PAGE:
Helen, my daughter, who today turns six and three quarters, has a very particular way of speaking. She always has. Take the word "comfortable." She says it like this: "cuhm-ftibul," and when you hear her say it, because she sounds like an 83-year-old nice Jewish lady who lives in a rambling pre-war on West End and 87th and has since before everything got all shiny, thank you very much, "comfortable" takes on a kind of gravity. Instead of state of being you don't think about too much if you're lucky, in Helen's mouth, it takes on an essential if ineffable quality. "Are you cuhmftibul?" she'll ask when I lie down next to her in her bed. And if she knew how many ways one could occupy a state of comfort or discomfort, she'd mean them all.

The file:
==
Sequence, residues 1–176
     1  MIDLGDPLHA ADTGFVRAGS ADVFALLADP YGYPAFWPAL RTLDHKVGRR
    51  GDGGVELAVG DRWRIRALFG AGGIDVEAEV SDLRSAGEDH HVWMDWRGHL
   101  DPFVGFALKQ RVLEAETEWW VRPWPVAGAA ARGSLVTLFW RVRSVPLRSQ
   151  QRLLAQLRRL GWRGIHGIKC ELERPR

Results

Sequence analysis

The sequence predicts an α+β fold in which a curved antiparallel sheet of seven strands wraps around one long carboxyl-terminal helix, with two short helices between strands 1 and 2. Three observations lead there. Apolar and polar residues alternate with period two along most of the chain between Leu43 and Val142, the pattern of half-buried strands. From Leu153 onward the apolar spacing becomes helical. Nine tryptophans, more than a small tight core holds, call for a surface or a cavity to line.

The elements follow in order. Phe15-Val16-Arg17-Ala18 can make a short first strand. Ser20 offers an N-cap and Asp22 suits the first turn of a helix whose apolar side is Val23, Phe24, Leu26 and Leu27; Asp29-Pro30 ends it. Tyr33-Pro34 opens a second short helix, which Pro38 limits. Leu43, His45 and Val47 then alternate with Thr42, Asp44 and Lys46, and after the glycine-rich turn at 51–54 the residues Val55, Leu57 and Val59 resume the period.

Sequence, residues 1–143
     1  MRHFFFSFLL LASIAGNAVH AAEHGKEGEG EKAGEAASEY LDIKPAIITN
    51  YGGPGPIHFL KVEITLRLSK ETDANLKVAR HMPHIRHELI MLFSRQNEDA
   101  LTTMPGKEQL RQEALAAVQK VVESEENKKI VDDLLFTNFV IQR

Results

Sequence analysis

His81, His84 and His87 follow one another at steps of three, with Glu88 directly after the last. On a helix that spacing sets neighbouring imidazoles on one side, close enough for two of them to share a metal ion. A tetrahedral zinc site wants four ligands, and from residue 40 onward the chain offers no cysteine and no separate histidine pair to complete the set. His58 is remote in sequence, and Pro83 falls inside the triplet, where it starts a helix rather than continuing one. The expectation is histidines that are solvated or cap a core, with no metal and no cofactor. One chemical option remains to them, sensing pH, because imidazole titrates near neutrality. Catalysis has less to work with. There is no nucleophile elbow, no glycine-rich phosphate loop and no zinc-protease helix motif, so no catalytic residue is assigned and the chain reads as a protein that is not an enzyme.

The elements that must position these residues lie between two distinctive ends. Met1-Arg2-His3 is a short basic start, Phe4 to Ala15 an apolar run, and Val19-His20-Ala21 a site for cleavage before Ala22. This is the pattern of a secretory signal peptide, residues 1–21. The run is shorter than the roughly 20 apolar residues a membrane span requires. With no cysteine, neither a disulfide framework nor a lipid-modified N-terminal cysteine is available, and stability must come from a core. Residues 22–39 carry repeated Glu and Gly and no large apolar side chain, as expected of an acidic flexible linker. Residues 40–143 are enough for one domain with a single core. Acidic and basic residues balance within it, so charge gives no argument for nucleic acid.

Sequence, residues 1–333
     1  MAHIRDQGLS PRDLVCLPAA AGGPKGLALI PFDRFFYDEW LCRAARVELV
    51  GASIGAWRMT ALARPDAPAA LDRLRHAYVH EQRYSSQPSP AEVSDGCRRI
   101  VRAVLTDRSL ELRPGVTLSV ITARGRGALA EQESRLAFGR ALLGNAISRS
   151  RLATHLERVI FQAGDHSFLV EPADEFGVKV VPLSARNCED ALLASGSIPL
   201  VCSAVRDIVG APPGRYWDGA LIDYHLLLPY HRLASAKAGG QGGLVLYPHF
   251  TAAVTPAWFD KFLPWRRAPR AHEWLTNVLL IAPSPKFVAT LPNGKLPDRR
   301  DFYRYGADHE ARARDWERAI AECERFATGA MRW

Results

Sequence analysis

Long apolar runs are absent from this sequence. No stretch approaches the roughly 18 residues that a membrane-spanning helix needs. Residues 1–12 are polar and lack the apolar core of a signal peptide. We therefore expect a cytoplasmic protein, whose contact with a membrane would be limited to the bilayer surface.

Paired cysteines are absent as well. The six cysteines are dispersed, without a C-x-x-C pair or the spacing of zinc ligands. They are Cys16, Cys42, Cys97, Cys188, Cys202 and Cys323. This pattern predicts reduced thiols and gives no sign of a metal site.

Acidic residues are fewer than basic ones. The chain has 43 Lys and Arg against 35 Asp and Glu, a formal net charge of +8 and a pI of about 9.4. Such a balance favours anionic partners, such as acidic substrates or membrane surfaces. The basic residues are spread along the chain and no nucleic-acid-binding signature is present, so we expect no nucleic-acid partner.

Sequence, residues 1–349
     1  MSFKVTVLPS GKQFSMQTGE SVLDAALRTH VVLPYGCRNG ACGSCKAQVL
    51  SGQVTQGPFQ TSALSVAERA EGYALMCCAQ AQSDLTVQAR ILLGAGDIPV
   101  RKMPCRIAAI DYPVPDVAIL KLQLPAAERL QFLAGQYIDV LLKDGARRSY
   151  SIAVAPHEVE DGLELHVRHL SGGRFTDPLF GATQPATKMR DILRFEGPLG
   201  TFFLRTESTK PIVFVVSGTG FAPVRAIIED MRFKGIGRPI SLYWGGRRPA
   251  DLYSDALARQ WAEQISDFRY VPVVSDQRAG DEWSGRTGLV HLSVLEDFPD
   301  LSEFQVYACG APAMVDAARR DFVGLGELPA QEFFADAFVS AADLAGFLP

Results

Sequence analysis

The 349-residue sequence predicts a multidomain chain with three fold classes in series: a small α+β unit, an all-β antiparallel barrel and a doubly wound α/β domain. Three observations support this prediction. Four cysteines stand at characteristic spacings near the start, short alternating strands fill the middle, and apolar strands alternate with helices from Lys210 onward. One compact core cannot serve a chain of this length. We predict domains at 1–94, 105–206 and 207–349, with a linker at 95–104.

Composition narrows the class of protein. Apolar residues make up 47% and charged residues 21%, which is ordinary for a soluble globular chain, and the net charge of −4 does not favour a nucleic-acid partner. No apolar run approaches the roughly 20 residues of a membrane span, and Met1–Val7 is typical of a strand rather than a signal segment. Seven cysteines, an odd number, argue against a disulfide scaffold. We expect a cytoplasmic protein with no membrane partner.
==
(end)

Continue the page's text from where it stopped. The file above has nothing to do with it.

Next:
But comfortable isn't the only word Helen pronounces idiosyncratically; that's because she, like many young children, doesn't have a full grasp of the letter sound for r. When Helen says a word with an /r/ it either sounds like a /w/ or a long vowel with an h attached. At least that was true until the day, maybe a month ago, when she very distinctly made the /r/ sound in the middle of a word. I wish I could remember what word it was, but I can't. Instead, I remember commenting on it. "That was a very nice 'rrrrr,'" I said. She repeated the word in the next sentence and ever since, she's been saying more and more rrrrs. She says them, oh, maybe 50 percent of the time, and when she does, she slows down her speech and emphasizes the sound. It's like watching someone learn to ride a bike very, very slowly. When she's mastered her /r/, my girl will have learned a new skill, one she'll need. Still, I know I'll miss those extra /w/s and long vowels, they make every word an adventahhh.